Yet the crucial assumption for this to work is that the companion currency is perceived to have at least some value. That assumption was proved wrong by the Terra stablecoin. As a result, its algorithm took the concept of “quantitative easing” to wholly new levels when it increased the supply of companion currency Luna more than 20,000 times (from about 350 million to over nine trillion at the peak), trying to prop up Terra. Alas, what worked for Baron von Munchhausen (getting out of the swamp by pulling up his own hair), does not work for algorithmic stablecoins in an environment of evaporating confidence.
The episode was perceived by regulators as a confirmation of the need to regulate stablecoin very much like a bank. That makes a lot of sense. Like a bank deposit, stablecoins are expected to always trade at par with the currency in which they are denominated. Stability, security and liquidity are key concepts. And like a bank, a stablecoin may face runs if confidence is tested. Banks have various mitigations and remedies in place, encouraged and imposed by regulation.
We expect algorithmic stablecoins to retreat to the margins of the crypto universe
Purely algorithmic stablecoins are unlikely to pass the regulatory bar, and we expect them to retreat to the margins of the crypto universe. Instead, stablecoins will likely have to be fully backed by high-quality liquid assets. In other words, stablecoins will be full reserve banks (as opposed to traditional banks that operate on fractional reserves). The full reserve operation means stablecoin issuers hardly face any credit risk, removing the need for a deposit guarantee scheme, and greatly simplifying the capital buffer framework, compared to traditional banks.
Regulators are rightly worried though that if stablecoins grow further their issuers may become systemically relevant. In case of a run and the need for asset fire sales to honour redemptions, even high-quality liquid assets may temporarily trade against a discount, imposing losses on the issuer and disrupting safe asset markets for the entire financial system. The crypto universe currently houses a few dominant stablecoins. The consensus is that these may not yet pose systemic risks as described but may well start to – if their volume issued continues to grow as it has done over the past years.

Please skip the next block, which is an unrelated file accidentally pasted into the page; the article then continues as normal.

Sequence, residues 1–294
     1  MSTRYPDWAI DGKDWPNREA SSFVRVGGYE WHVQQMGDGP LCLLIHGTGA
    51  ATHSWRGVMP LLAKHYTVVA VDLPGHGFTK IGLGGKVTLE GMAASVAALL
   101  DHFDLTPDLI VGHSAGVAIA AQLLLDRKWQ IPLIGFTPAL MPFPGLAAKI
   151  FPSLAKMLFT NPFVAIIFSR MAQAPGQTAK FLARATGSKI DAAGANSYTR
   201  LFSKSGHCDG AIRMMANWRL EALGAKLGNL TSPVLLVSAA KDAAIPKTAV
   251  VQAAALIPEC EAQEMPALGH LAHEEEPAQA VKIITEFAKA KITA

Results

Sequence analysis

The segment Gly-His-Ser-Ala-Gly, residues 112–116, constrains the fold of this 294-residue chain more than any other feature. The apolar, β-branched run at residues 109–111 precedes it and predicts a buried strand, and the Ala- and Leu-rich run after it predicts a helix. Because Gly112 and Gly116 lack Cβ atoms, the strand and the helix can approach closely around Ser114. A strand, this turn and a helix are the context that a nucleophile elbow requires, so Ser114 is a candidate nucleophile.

The crypto company that had to halt redemptions earlier this week – and in so doing started a new wave of panic – is different: it is neither a stablecoin nor a regulated bank, but for its main product offering it did use bank-like language such as “savings” and “deposit”. It also distinguished itself by offering double-digit yields that are impossible to find in traditional banking. The company has had various run-ins with US supervisors, that opined it was offering a securities product without proper registration.
Faced with a run, any institution that is in principle solvent, can turn illiquid
The crypto company did vaguely resemble traditional banks in the sense that its assets tended to be riskier than its liabilities tended to be perceived. Also, some of its assets appear to be locked up for a longer period, whereas its liabilities were immediately redeemable. Finally, the liquidity of some of its assets proved to deteriorate fast in current markets. These transformations of risk, maturity and liquidity are core functions of a traditional bank. They also render a bank susceptible to runs. Faced with a run, any institution that is in principle solvent (its assets are worth at least as much as its liabilities), can turn illiquid (it cannot liquidate its assets immediately at the right price to honour redemptions). For this reason, bank regulation may be the most elaborate type of regulation out there, including liquidity buffers to handle redemptions, capital buffers to absorb losses, detailed risk management, and transparency requirements. If, despite all this, a bank runs into trouble, the central bank can act as lender of last resort (against proper collateral), and if the bank does fail, deposit guarantee schemes (typically financed by the sector itself) ensure depositors don’t end up with a loss.